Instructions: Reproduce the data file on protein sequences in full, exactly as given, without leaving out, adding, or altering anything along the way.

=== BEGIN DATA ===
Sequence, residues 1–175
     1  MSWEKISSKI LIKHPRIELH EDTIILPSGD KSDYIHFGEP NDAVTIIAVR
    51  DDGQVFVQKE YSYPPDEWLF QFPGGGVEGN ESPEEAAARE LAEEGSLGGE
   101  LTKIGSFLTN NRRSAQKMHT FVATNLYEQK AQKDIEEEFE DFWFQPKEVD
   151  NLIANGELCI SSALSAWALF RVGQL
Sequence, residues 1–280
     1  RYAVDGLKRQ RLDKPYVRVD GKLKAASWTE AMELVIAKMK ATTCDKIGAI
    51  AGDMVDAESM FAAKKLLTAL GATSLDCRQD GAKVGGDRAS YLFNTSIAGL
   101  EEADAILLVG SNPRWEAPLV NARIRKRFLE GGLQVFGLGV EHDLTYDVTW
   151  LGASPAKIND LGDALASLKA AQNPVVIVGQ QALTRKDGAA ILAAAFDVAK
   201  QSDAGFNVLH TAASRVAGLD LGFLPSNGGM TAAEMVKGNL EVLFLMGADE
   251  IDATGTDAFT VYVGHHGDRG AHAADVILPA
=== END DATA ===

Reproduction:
Sequence, residues 1–175
     1  MSWEKISSKI LIKHPRIELH EDTIILPSGD KSDYIHFGEP NDAVTIIAVR
    51  DDGQVFVQKE YSYPPDEWLF QFPGGGVEGN ESPEEAAARE LAEEGSLGGE
   101  LTKIGSFLTN NRRSAQKMHT FVATNLYEQK AQKDIEEEFE DFWFQPKEVD
   151  NLIANGELCI SSALSAWALF RVGQL
Sequence, residues 1–280
     1  RYAVDGLKRQ RLDKPYVRVD GKLKAASWTE AMELVIAKMK ATTCDKIGAI
    51  AGDMVDAESM FAAKKLLTAL GATSLDCRQD GAKVGGDRAS YLFNTSIAGL
   101  EEADAILLVG SNPRWEAPLV NARIRKRFLE GGLQVFGLGV EHDLTYDVTW
   151  LGASPAKIND LGDALASLKA AQNPVVIVGQ QALTRKDGAA ILAAAFDVAK
   201  QSDAGFNVLH TAASRVAGLD LGFLPSNGGM TAAEMVKGNL EVLFLMGADE
   251  IDATGTDAFT VYVGHHGDRG AHAADVILPA